M.Sc Thesis

M.Sc StudentKhimovich Leonid
SubjectRegeneration of Functional Myocardium using Human Embryonic
Stem Cells Derived Cardiomyocytes
DepartmentDepartment of Medicine
Supervisor PROF. Lior Gepstein


Adult heart tissue has limited regenerative capacity and hence any significant cell loss or dysfunction may result in the development of mechanical (heart failure) or electrophysiological (abnormal electrical impulse initiation or conduction) dysfunction resulting in significant morbidity and mortality. Cell therapy is emerging as a novel therapeutic approach for restoration of the electromechanical functions of the heart but has been significantly hampered by the paucity of cell sources for transplantation and by the lack of evidence supporting electromechanical integration of host and transplanted tissues.

Human embryonic stem cells (ES) are continuously growing stem cells lines of embryonic origin isolated from the inner cell mass of human blastocyst. These unique cells are characterized by their capacity to be maintained in an undifferentiated state indefinitely in culture, while retaining their potential to develop into derivatives of all three germ layers. Following cultivation in suspension the ES cells tend to spontaneously create aggregates of differentiating tissue known as embryoid bodies (EBs). Among other cell types cardiomyocytic tissue appears within this multi-cellular arrangement, in the form of spontaneously contracting areas. Therefore, each spontaneously contracting area has its own pacemaker.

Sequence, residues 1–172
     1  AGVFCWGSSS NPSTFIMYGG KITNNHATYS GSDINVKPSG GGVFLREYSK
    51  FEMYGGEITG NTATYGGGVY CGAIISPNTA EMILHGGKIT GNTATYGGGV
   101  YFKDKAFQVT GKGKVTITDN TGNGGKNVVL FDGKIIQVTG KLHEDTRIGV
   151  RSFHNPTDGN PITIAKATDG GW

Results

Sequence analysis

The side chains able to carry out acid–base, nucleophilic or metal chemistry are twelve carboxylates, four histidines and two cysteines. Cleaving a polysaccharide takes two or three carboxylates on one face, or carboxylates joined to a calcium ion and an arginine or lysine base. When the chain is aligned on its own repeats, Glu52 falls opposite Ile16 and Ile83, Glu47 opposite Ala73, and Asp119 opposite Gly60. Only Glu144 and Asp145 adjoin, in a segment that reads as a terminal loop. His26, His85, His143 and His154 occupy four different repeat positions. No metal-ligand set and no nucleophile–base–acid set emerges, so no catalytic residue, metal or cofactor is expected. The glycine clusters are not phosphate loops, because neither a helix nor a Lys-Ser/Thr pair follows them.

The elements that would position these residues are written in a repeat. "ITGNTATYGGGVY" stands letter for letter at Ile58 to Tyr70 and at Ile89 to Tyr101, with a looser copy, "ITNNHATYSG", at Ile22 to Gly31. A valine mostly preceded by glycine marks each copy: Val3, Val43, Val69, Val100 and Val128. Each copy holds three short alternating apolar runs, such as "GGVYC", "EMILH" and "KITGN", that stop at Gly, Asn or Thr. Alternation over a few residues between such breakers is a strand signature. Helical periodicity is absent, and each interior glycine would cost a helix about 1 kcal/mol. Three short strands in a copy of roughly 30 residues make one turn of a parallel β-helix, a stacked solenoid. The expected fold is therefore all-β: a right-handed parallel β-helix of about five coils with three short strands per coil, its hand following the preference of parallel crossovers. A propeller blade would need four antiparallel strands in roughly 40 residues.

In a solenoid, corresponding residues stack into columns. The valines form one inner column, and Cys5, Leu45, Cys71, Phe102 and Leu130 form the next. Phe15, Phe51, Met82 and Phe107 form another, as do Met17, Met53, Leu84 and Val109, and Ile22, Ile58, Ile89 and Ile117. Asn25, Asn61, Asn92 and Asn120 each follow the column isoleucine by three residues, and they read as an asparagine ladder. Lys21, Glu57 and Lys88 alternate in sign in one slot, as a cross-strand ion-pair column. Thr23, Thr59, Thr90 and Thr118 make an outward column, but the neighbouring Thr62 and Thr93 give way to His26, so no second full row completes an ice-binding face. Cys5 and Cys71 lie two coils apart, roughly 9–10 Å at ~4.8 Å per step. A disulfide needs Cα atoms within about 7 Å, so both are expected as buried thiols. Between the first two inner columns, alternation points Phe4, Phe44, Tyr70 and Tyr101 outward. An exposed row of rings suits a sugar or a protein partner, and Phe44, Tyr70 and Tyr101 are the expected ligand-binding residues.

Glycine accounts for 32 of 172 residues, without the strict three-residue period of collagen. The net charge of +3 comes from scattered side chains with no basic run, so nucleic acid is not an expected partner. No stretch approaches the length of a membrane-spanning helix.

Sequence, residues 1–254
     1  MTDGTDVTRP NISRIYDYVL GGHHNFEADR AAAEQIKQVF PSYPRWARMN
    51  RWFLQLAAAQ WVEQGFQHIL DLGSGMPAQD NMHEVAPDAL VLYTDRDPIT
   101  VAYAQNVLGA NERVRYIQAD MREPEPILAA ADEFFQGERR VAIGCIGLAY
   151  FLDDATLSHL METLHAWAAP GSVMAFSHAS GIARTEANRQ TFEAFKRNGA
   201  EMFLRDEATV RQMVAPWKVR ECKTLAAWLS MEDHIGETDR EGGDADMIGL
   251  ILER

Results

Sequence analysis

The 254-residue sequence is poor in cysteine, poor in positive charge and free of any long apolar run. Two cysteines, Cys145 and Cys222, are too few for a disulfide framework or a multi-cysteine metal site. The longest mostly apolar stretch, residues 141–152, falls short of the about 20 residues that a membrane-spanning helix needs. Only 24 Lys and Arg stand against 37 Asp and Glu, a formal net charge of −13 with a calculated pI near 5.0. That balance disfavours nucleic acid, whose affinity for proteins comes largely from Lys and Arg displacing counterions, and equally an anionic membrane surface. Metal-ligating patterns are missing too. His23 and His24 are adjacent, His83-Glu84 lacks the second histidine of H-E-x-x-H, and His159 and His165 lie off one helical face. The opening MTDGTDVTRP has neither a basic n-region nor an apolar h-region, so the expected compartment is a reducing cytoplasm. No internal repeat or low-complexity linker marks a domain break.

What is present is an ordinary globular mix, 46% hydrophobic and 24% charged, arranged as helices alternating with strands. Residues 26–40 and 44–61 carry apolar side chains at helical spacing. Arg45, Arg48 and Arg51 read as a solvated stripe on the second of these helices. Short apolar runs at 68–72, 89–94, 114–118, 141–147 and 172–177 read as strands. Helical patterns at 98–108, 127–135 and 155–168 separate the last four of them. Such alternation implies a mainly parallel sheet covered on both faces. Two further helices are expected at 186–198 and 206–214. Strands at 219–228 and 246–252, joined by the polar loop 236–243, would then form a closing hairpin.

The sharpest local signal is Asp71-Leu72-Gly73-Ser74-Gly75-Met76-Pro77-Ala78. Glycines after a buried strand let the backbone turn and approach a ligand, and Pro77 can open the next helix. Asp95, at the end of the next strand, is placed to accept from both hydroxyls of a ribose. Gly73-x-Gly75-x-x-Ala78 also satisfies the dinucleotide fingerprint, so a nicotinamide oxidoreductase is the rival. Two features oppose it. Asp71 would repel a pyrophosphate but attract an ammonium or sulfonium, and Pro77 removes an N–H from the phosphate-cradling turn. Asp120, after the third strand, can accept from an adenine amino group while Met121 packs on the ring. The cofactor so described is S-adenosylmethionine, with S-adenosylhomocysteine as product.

The experiments were performed on domestic pigs. Using intravenous catheter, 3D electroanatomical map of the pig’s heart was obtained, and the location of the His bundle was identified. Then, electrical current was applied to the endocardium to induce complete AV-block. The chest was opened, and a number of contracting EBs (previously labeled with vital fluorescent dye) were injected to the lateral wall of the heart. A pacemaker was implanted in order to keep the heart rate above 50 bpm. Following the operation, animal were treated with daily Cyclosporin A, to prevent rejection of the EB’s by the swine immune system.

Two weeks following the transplantation, additional electroanatomical maps were made for each pig. The earliest activation now originated not from the septal area, but from the lateral wall of the left ventricle, where the EB’s were implanted. After sacrificing the animals, the presence of the EB’s at the injection sites was confirmed by fluorescent microscopy and H&E staining.

These results suggest the capability of spontaneously contracting transplanted EB’s to survive in a host’s heart and integrate with it, forming a biological pacemaker.